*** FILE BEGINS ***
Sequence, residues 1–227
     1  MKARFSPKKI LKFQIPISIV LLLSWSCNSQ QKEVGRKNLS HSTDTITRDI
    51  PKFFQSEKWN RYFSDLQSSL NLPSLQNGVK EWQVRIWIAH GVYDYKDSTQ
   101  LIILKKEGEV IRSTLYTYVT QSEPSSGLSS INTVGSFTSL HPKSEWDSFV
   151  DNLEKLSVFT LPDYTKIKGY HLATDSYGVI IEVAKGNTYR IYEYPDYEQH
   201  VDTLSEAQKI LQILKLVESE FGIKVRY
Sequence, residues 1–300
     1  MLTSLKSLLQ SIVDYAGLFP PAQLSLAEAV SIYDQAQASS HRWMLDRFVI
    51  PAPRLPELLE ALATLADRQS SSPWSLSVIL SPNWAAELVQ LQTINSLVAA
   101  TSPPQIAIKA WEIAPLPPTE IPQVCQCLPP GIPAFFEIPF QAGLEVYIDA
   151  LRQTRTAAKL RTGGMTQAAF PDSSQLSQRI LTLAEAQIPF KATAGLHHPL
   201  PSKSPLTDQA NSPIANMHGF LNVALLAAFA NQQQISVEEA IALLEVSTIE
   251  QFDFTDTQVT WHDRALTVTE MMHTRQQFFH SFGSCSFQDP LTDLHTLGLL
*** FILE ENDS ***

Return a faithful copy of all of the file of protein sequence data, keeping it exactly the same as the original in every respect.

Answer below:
Sequence, residues 1–227
     1  MKARFSPKKI LKFQIPISIV LLLSWSCNSQ QKEVGRKNLS HSTDTITRDI
    51  PKFFQSEKWN RYFSDLQSSL NLPSLQNGVK EWQVRIWIAH GVYDYKDSTQ
   101  LIILKKEGEV IRSTLYTYVT QSEPSSGLSS INTVGSFTSL HPKSEWDSFV
   151  DNLEKLSVFT LPDYTKIKGY HLATDSYGVI IEVAKGNTYR IYEYPDYEQH
   201  VDTLSEAQKI LQILKLVESE FGIKVRY
Sequence, residues 1–300
     1  MLTSLKSLLQ SIVDYAGLFP PAQLSLAEAV SIYDQAQASS HRWMLDRFVI
    51  PAPRLPELLE ALATLADRQS SSPWSLSVIL SPNWAAELVQ LQTINSLVAA
   101  TSPPQIAIKA WEIAPLPPTE IPQVCQCLPP GIPAFFEIPF QAGLEVYIDA
   151  LRQTRTAAKL RTGGMTQAAF PDSSQLSQRI LTLAEAQIPF KATAGLHHPL
   201  PSKSPLTDQA NSPIANMHGF LNVALLAAFA NQQQISVEEA IALLEVSTIE
   251  QFDFTDTQVT WHDRALTVTE MMHTRQQFFH SFGSCSFQDP LTDLHTLGLL